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Nov 17, 2015 Anne Sta. Ana-Babiera
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Whoa i like your e4babae4babae9ƒbde6œ‰e7š„e6œbae4bcšefbcŒe6Ÿ90e4ba›e4babae4b8bbe5Ša8e6”bee5bcƒe4ba† | Hello world ,...
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Featured Article

Mar 18, 2015

The Seasons in a Woman's Life


.

In celebration of Women’s Month I wish to tackle the importance of being aware of the seasons in a woman’s life.

In a recent interview, I was asked, “How do you manage to be successful in the important aspects of your life?” I am nowhere near the top 10 women in the field of so and so, but yes I do consider myself successful in the aspects of life that are important to me. And I guess that’s the first step, to define what is important to oneself.

Women these days are always bombarded with the image of the Have-it-all Woman. Although I still believe that women can still have all these things that they desire in life (e.g. successful career, great marriage, wonderful children, advocacies, etc.), I know that all these can only truly happen if we embrace the fact that all these have their respective time or season. There are overlaps but there are specific seasons when one takes center stage.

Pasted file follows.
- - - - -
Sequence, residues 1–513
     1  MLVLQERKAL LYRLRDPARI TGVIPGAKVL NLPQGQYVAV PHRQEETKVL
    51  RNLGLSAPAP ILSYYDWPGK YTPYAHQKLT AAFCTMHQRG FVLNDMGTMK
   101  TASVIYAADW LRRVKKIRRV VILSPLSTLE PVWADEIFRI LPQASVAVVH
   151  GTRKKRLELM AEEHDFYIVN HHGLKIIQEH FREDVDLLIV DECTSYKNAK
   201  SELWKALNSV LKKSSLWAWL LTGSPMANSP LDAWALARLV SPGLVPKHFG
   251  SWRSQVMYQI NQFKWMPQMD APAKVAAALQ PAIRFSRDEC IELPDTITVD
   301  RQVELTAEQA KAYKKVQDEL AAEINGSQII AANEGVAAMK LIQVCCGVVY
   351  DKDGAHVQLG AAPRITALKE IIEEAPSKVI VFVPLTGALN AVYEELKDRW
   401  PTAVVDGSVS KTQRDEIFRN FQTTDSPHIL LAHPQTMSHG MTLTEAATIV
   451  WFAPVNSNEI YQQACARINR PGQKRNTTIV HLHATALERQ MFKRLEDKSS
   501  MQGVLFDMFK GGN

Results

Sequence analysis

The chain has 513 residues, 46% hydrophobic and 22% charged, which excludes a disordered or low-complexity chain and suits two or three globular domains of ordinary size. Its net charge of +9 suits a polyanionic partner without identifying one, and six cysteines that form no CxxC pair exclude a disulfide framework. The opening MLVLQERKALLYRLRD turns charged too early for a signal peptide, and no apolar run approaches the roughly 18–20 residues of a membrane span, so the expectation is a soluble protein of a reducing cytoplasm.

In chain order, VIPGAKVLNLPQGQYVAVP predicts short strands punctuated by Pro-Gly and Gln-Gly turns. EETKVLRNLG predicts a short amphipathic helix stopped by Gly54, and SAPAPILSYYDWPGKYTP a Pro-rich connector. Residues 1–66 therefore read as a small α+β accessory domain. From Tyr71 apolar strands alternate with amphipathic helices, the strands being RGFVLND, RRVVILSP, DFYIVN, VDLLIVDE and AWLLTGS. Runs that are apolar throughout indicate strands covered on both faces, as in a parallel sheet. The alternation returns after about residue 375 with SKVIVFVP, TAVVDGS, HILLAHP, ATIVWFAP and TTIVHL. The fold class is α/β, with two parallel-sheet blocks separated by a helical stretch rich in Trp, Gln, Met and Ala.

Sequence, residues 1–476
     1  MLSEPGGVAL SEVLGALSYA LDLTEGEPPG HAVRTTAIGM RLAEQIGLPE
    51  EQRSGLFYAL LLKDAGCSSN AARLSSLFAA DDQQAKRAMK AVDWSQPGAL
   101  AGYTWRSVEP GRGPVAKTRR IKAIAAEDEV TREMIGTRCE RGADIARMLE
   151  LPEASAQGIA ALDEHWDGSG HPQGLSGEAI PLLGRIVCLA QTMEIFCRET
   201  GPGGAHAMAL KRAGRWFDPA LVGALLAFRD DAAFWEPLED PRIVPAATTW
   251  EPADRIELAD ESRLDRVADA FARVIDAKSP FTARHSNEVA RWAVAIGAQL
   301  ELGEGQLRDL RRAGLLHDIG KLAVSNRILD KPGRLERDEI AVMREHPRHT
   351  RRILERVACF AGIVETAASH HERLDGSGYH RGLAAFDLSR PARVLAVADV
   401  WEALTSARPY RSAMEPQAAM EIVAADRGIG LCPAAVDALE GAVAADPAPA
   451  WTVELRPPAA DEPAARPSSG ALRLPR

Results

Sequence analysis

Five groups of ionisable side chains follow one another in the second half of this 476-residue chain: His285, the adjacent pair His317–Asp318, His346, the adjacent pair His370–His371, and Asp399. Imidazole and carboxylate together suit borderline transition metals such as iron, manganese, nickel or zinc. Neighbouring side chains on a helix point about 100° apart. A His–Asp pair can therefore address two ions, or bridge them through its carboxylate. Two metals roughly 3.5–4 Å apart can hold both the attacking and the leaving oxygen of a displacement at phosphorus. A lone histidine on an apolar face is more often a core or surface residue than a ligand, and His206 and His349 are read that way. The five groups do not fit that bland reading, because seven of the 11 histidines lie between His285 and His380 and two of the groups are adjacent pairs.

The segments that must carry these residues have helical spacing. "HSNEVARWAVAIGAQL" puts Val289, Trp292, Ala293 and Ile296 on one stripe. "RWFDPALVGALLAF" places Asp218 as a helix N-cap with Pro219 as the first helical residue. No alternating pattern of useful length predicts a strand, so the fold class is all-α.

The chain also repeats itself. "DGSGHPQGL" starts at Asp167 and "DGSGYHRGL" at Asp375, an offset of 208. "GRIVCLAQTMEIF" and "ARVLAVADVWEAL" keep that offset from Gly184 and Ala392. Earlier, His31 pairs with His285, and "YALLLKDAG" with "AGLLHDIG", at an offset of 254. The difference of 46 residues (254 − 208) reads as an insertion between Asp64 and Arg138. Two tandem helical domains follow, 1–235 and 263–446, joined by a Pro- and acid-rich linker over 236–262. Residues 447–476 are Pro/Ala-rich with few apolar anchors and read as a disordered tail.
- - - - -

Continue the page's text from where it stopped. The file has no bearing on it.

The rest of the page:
Season to be a student:

When I was a student, I knew that I had to focus on school life in order to be a successful student, and my parents were happy to be given “reserved seats” come graduation.

 

Season for first career:

When I started my career in finance, I focused on it and was also rewarded with promotions and compensation.

 

Season to get married:

When Marvin asked me to marry him, I was convinced that it was the right time (not too young to be clueless about ourselves, yet not too old to be too sure about ourselves that it would be harder for us to adjust our respective stubborn ways to live harmoniously with one another).

 

Season to be a mother: